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Chrm Message From: shantanuji Total Posts: 23 Join Date: 23/02/2007
Rank: Executive Post Date: 26/08/2009 06:14:19 Points: 115 Location: United States

What is the underlying handful of fundamentals that drive everything else that’s important in business? What is still fundamental today in building a successful firm that hasn’t changed for over a hundred years? Tom Meredith, former CFO of Dell Computer, and I were discussing how the fundamentals that create a great business are the same as those for parenting great kids. Early in his career, his wife had encouraged him to attend a Parent Effectiveness Training (PET) program. Reluctantly he attended. However, what he discovered were some fundamentals that were just as applicable in business as at home - so much so that he purchased copies for all the executives where he worked.

Anyone with children will recognise the fundamentals as:

Have a handful of rules

Repeat yourself a lot

Act consistent with those rules (which is why you better have only a few rules)

About the time my first son was born, as I was studying up on parenting, the book Titan was published. More than a biography of John D Rockefeller, it detailed many of Rockefeller’s leadership and management principles.

In fact, it’s a must read for anyone serious in building a successful company. What the book did was confirm three underlying habits I have observed are key to the successful management of a business and provide what I hope is a label for those habits:

Priorities - Does the organisation have objective Top five priorities for the year and the quarter (the month, if growing over 100% annually) and a clear Top one priority along with an appropriate theme? Does everyone in the organisation have their own handful of priorities that align with the company’s priorities?

Data - Does the organisation have sufficient data on a daily and weekly basis to provide insight into how the organisation is running and what the market is demanding? Does everyone in the organisation have at least one key daily or weekly metric driving his or her performance?

Rhythm - Does the organisation have an effective rhythm of daily, weekly, monthly, quarterly, and annual meetings to maintain alignment and drive accountability? Are the meetings well run and useful?

Titan also confirmed that there is only one underlying strategy, what can be called the “X” factor, which must be discovered, defined, and acted upon to create significant value and ultimately significant valuations within a business.

For Rockefeller, the key to winning in the oil business was gaining an advantage in transportation costs, which is why he was heavily involved with the railroads. Even what appeared to be minor decisions aligned with his focus on transportation costs. When he decided to vertically integrate further by producing his own oak barrels, rather than bring in green timber like his competitors, he had the oak sawed in the woods then kiln dried, reducing its weight and slicing transportation costs in half.

To finish the triangulation, I had the opportunity to spend some time with Steve Kerr, former head of GE’s famous Crotonville executive education centre. I came away from that meeting with three keys to GE’s success that are useful to growth firms:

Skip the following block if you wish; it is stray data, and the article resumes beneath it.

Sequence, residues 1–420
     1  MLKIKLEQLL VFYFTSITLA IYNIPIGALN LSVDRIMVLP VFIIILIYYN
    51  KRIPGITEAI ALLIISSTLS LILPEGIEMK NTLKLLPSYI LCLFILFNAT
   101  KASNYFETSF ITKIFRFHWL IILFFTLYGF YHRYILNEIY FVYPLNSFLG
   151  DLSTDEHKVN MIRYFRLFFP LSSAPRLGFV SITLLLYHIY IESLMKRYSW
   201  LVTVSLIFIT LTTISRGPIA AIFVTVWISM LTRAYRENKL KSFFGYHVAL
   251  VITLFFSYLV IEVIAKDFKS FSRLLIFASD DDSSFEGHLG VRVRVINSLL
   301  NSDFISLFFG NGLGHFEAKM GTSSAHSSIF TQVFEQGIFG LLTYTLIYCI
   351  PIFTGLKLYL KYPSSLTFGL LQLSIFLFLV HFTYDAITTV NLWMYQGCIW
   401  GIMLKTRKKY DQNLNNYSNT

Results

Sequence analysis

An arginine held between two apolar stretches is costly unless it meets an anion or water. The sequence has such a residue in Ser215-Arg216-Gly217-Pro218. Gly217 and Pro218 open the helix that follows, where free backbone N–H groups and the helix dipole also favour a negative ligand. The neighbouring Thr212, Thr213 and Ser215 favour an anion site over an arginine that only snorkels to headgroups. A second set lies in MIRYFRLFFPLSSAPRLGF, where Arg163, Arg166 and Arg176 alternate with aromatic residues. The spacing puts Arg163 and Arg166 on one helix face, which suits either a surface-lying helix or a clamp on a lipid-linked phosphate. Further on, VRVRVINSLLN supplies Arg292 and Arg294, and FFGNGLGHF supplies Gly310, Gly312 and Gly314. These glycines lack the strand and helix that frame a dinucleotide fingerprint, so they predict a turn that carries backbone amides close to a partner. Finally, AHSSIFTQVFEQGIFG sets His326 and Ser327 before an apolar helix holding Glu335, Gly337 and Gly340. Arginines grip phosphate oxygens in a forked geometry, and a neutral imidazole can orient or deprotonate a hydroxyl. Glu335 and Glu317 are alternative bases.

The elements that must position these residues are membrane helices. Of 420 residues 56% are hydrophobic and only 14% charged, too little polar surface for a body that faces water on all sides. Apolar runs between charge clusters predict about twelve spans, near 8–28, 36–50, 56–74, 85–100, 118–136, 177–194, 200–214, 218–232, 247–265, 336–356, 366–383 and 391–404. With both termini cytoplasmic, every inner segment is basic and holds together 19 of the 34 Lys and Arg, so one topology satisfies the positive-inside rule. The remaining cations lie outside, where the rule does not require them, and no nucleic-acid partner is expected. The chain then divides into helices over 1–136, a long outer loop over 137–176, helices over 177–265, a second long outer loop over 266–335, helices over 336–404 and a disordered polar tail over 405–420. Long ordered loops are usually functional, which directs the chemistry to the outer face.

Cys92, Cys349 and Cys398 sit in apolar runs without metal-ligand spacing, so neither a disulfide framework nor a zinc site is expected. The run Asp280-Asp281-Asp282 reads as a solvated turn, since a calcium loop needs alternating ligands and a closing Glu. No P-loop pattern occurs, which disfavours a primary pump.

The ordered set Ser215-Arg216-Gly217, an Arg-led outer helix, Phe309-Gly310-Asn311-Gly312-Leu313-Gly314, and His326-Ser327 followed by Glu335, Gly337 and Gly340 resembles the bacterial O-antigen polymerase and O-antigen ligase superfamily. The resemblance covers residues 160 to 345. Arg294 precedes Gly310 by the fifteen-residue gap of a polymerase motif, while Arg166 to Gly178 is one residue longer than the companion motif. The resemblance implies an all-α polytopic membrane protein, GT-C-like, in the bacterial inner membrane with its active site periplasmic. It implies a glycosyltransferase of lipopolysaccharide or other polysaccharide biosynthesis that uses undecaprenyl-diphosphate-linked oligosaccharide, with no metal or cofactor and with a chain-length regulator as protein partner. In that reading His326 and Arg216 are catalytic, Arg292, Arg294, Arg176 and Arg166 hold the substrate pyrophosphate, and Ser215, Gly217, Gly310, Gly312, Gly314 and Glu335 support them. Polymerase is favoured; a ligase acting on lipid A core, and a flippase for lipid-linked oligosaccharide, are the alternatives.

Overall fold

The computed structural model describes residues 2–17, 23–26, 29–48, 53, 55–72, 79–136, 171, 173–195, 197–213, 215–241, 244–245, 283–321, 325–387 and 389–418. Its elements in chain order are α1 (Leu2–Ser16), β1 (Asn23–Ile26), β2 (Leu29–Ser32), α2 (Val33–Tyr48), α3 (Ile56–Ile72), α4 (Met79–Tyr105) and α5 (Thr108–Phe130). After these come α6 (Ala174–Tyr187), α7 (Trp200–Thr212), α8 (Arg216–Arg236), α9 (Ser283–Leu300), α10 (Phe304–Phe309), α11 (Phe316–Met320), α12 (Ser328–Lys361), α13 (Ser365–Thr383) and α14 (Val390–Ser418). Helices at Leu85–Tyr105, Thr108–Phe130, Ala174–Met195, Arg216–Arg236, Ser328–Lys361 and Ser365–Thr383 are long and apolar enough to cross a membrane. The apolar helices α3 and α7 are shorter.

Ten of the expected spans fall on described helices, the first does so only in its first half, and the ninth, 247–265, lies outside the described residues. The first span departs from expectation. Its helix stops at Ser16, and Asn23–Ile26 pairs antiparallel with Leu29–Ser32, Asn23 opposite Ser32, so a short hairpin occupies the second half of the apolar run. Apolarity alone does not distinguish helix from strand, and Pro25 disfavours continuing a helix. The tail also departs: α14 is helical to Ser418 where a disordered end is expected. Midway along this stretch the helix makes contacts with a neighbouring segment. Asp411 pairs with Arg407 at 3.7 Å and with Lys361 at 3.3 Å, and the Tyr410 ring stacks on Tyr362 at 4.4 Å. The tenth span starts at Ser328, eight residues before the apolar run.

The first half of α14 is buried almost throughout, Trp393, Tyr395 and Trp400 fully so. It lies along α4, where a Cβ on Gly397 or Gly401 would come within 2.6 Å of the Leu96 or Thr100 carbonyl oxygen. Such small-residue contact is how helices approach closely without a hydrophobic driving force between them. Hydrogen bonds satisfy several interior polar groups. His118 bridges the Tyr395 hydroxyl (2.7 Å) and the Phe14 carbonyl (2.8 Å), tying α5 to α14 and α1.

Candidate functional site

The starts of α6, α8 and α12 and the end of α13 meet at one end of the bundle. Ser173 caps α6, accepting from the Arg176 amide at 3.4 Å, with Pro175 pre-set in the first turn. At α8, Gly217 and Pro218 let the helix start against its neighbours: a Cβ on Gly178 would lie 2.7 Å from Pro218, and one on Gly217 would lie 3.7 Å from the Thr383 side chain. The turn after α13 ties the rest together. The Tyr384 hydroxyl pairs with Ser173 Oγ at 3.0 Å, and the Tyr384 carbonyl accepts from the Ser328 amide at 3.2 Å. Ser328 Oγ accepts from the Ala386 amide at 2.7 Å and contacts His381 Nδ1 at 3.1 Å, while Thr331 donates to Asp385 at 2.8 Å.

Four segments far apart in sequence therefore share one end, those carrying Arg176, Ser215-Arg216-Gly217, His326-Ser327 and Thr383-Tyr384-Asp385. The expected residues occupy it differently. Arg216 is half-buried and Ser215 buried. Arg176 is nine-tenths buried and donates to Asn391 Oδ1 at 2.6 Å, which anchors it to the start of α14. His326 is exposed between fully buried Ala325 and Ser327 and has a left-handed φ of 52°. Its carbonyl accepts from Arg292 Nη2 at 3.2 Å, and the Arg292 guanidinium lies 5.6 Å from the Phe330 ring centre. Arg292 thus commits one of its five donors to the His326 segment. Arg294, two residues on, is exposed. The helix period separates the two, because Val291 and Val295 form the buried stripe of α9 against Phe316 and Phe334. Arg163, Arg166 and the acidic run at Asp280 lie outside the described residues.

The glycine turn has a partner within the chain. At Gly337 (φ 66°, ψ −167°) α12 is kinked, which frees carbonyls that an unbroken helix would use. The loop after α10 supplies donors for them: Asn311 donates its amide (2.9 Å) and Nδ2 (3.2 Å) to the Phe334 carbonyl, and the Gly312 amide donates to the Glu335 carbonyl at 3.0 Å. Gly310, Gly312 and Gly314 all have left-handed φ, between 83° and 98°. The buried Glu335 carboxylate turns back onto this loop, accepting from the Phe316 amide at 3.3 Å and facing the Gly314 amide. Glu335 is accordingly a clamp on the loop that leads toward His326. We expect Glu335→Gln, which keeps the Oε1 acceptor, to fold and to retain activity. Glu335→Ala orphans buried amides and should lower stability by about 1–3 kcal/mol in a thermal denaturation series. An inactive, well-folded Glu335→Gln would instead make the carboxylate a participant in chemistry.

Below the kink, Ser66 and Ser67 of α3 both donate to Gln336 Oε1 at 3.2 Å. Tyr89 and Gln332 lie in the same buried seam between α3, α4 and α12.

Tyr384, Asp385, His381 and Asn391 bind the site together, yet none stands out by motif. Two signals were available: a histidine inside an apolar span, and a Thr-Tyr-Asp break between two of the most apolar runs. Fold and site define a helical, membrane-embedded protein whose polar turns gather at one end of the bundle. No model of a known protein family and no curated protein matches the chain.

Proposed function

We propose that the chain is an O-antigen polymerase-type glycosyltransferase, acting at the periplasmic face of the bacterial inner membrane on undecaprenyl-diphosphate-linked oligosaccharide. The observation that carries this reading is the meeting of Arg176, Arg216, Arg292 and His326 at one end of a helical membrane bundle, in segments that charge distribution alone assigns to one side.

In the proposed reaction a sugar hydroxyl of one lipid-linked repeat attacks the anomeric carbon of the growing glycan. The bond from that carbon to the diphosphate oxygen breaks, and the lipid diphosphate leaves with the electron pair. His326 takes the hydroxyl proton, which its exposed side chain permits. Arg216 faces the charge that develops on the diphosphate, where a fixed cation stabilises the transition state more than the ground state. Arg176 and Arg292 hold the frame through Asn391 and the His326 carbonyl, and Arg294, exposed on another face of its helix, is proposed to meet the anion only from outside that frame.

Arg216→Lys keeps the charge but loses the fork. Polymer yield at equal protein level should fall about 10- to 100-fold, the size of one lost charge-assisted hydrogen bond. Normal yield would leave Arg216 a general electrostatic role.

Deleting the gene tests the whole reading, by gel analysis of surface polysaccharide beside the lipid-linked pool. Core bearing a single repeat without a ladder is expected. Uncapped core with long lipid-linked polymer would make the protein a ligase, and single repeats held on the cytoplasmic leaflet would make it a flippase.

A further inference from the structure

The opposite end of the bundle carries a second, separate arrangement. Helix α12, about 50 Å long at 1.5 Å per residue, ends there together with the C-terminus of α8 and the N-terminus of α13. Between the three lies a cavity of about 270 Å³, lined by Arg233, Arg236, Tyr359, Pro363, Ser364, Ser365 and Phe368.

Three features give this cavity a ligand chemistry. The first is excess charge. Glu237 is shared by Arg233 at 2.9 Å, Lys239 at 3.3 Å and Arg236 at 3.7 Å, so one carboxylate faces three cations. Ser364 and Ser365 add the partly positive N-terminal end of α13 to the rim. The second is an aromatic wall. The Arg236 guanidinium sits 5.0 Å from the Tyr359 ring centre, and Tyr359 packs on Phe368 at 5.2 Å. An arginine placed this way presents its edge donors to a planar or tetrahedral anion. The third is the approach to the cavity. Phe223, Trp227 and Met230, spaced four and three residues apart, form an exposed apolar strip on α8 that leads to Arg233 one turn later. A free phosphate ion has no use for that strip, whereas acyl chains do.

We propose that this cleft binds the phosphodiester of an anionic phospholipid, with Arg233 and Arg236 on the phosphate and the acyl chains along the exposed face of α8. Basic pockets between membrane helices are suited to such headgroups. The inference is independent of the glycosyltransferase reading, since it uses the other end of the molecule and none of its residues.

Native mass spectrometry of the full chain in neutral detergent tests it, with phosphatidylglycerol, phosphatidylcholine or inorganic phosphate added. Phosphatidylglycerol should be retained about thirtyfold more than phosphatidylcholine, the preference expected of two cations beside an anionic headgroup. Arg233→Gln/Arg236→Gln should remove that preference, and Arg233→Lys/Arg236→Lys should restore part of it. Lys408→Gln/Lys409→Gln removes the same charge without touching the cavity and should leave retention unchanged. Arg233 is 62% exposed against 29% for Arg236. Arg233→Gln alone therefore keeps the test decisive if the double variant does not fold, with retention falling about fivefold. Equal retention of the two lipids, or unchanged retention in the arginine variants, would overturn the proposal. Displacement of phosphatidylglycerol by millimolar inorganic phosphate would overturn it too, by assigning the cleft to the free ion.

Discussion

In planning, the “middle” is gone. You only have to define two points: where you plan to be 10 to 25 years from now and what you have to do in the next 90 days. The latter point requires real time data and an executive team that can face the brutal reality of what the data is saying and then act accordingly. You don’t want to fall in love with your own 1 to 3 year plans.

Keep everything stupidly simple. If your strategies, plans, decisions and systems seem at all complicated, they are probably wrong.

The best data is firsthand data. It’s why the entire executive team of GE comes to Crotonville each month to “teach.” Hanging out with GE managers from around the world along with key customers (letting customers attend Crotonville sessions is key to GE’s value proposition) lets the top executives find out what is really going on.

It circles back to point #1 and the importance of real time data. And aligning with the importance of having only a few priorities, Jack Welch, the retired CEO of GE, had only four priorities the entire two decades he was GE’s leader.

In summary, defining a simple long-term vision 10 - 25 years out and a deciding on a handful of priorities for the next quarter are the two most important decisions a business leader makes. And it’s this yin and yang of having both a long-term “rarely changes” piece along side a short-term “changes a lot” dynamic piece that provides the delicate balance needed to drive superior performance.

You don’t have a real strategy if it doesn’t pass two tests: that what you’re planning to do really matters to your existing and potential customers; and second, it differentiates you from your competition. Add to this the requirement that you have the ability to become the best at doing implementing this strategy (back to core competencies) and you have a clear idea whether you really have a strategy or not that will work.

Some firms do things that differentiate themselves but it doesn’t really matter to a customer (high quality when the customer just wants speed) while other firms do things that the customer wants, but so does all the competition (you’ve just entered the commodity zone). And yet others might have both parts of the strategy correct from a theoretical standpoint, but no way of executing. Keep this simple definition of strategy in mind as you drive your business.

Verne Harnish is the CEO of Gazelles, a consulting firm, and the author of “Mastering the Rockefeller Habits.”

Source: Economic times

Regards,

Shantanuji

 
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